DAMASCUS  - Twin bombs exploded near a tightly guarded government compound in the heart of Damascus on Sunday, state media said, as new international peace envoy Lakhdar Brahimi said change in Syria was “unavoidable.”

Speaking to satellite channel Al-Jazeera as he took over as UN-Arab League envoy from former UN chief Kofi Annan, Brahimi carefully refrained, however, from publicly calling, as his predecessor had, for President Bashar al-Assad to quit.

Four people were wounded in the twin bombings which struck in the Abu Remmaneh district where several security service buildings and the office of Vice President Faruq al-Shara are located, state television said.

The attack, which state media blamed on “terrorists” - the government’s standard term for rebels fighting to end Assad’s rule - came a day after a bombing killed 15 people in a southern suburb of Damascus.

They were among at least 168 people killed on Saturday - 110 civilians, 32 soldiers and 26 rebels, the Syrian Observatory for Human Rights said. The watchdog gave a preliminary toll of 40 people killed countrywide on Sunday - 21 civilians, 12 soldiers and three rebels.

Shara is the highest-ranking Sunni Muslim in Assad’s minority Alawite-led government and was the subject of repeated defection rumours last month before he made a public appearance during a visit by a senior envoy from key ally Iran.

The Ahfad al-Rasul brigade of the rebel Free Syrian Army claimed responsibility for the attack in a statement on Facebook, in which it also threatened to attack Assad’s palace.

State media earlier Sunday reported that a car bomb explosion near a mosque at Sbeneh in the southern outskirts of the capital the previous day killed 15 people. Sbeneh is a poor neighbourhood where anti-government sentiment is strong.

Also Sunday, the Britain-based Observatory reported that the army had targeted homes in the capital for destruction, using bulldozers.

It said regime forces stormed the restive outskirts of the upscale Damascus district of Mazzeh, demolishing three shops and five homes. The violence in the capital came as the army renewed its bombardment of rebel-held areas in the provinces.

Shelling of Qusayr destroyed the last working bakery in the rebel-held part of the central town, activists said, aggravating a growing food shortage and highlighting the plight of civilians trapped by the fighting.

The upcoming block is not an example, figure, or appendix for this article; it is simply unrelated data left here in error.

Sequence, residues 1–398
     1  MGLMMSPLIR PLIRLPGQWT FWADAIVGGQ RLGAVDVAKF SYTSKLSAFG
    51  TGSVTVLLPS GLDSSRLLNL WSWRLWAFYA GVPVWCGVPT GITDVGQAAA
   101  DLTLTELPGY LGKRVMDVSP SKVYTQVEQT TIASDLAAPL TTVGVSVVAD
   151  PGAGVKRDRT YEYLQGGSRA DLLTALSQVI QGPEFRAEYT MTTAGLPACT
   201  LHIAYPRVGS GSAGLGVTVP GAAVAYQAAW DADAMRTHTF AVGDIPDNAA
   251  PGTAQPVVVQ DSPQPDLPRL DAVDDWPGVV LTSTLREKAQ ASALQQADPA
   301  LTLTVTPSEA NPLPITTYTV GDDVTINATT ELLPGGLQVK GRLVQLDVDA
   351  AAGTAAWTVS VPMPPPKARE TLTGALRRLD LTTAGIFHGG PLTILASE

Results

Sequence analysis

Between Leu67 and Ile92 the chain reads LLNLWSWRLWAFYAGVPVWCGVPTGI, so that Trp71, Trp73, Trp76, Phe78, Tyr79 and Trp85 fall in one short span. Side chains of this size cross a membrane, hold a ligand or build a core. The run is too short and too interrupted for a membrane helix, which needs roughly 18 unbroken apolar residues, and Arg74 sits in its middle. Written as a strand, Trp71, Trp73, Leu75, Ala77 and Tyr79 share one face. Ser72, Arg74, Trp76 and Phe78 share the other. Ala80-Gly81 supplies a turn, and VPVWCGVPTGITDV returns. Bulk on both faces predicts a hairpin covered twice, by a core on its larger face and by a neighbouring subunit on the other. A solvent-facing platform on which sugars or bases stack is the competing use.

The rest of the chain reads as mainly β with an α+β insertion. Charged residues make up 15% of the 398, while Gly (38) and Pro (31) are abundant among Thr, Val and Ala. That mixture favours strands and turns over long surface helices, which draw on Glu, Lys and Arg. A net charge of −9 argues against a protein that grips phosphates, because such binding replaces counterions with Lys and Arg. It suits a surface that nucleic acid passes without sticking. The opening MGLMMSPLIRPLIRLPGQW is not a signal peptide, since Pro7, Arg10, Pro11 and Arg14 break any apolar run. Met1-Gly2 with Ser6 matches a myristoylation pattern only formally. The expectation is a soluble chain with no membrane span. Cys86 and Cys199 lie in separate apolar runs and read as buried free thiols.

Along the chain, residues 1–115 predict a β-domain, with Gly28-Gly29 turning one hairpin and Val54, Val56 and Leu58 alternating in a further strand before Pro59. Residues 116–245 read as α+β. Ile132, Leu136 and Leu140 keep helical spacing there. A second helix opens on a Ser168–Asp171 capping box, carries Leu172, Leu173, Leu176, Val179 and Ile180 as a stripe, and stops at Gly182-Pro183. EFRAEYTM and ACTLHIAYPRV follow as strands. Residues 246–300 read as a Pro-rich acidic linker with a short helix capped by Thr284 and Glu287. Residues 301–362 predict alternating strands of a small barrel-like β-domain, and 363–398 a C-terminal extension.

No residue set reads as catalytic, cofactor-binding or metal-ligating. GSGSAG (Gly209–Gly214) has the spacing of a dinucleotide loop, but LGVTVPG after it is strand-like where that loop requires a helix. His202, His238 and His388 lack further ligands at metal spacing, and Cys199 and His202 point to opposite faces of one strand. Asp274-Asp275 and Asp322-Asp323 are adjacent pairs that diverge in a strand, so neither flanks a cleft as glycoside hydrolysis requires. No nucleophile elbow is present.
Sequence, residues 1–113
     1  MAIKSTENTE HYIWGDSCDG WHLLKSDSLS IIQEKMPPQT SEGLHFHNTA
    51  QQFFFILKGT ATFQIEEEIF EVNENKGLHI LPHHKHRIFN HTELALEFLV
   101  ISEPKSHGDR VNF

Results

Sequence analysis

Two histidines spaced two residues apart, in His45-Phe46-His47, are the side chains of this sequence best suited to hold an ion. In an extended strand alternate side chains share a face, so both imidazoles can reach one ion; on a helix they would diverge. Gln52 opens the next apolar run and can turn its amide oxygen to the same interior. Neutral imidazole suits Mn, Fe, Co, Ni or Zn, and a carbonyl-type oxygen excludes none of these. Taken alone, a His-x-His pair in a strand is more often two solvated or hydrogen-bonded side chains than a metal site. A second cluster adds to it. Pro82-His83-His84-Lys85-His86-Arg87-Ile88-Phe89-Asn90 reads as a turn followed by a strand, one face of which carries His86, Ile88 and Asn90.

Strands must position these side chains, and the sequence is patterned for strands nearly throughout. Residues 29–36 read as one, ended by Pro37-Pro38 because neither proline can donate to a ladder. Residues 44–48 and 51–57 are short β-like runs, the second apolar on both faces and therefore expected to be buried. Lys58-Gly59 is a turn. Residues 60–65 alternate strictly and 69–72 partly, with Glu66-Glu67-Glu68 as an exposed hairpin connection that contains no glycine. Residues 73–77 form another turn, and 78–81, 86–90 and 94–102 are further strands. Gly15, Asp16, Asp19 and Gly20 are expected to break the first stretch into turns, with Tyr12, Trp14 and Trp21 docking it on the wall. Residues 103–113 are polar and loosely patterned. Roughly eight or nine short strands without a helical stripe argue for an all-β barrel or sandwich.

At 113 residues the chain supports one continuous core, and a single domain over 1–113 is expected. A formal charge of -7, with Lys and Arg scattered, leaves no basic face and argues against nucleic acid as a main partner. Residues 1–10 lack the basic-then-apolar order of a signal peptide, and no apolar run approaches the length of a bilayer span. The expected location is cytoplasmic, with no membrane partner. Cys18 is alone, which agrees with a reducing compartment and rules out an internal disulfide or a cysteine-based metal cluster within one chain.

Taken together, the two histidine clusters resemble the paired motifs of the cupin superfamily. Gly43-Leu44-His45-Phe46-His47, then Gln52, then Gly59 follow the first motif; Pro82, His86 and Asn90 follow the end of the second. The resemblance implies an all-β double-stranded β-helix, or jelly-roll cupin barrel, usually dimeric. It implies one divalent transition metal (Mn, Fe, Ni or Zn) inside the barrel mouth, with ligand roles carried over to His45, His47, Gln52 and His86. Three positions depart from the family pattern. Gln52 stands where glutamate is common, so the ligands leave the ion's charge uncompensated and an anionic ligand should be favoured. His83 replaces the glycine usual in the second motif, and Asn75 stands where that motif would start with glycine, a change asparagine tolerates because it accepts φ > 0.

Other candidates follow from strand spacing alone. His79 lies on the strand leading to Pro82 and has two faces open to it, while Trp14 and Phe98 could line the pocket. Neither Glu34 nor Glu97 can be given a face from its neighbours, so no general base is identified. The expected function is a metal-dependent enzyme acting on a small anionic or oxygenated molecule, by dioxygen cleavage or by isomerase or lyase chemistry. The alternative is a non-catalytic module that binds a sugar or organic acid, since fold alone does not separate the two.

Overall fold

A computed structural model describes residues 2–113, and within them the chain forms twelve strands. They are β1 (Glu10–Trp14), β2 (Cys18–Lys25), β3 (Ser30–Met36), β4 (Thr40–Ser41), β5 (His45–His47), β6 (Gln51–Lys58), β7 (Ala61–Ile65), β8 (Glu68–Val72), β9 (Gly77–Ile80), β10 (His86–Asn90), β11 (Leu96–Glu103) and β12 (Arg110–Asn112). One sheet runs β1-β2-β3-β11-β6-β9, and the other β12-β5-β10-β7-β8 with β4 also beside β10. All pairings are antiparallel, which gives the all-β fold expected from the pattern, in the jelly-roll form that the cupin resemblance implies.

An army assault on a rural area of the central Syrian province of Hama killed at least 21 people, a monitoring group said.

“The number of victims of a military operation in the area of Al-Fan is likely to rise, because several people have been reported missing, while some of the wounded are in a critical condition,” said the Syrian Observatory for Human Rights.

 Brahimi, who took over as international peace envoy on Saturday, told Al-Jazeera that “change is necessary, indispensable, unavoidable.”

He said his position was to engage all the parties and he would not be drawn on Assad’s future.

“It is too early to speak about who should go and who should stay,” he told the channel.

“This is not a step backwards. Mr Assad is there and is the president of the present government,” he said. “Kofi talked to him, and I will talk to him.”

Similar comments by the veteran Algerian diplomat soon after his nomination last month drew an angry reaction from Syria’s exiled opposition, which accused him of giving Assad’s regime a “licence to kill.”

Brahimi, who will formally take the reins in handover ceremony with Annan and UN chief Ban Ki-moon on Tuesday, has been holding meetings at the UN headquarters in New York.

The main opposition Syrian National Council, meanwhile, has agreed to expand to include more groups opposing Assad and will reform to be more representative, a spokesman told AFP. At a meeting in Stockholm late Saturday, the SNC agreed to expand its membership and to hold a vote later this month to elect its leadership, spokesman George Sabra said.

 Egypt’s president is too new in his post and doesn’t fully understand Syrian politics, a Damascus official said Sunday, after Mohamed Mursi publicly sided with those opposed to President Bashar al-Assad.

“We heard the words of President Mursi. If I may say so, it was a disappointment,” Syrian foreign ministry spokesman Jihad Makdissi told Lebanon’s pro-Damascus television channel NBN.

“I think the new Egyptian presidency is not fully developed yet. In my personal view, his dose of reality will increase with the passing of time. We hope that he will be able to reach an understanding of the whole truth of what is happening in Syria, and to take a position at that level.”

In a speech to the summit of the Non-Aligned Movement in Tehran last Thursday, Mursi denounced the “oppressive regime” in Damascus, which he said had lost all legitimacy.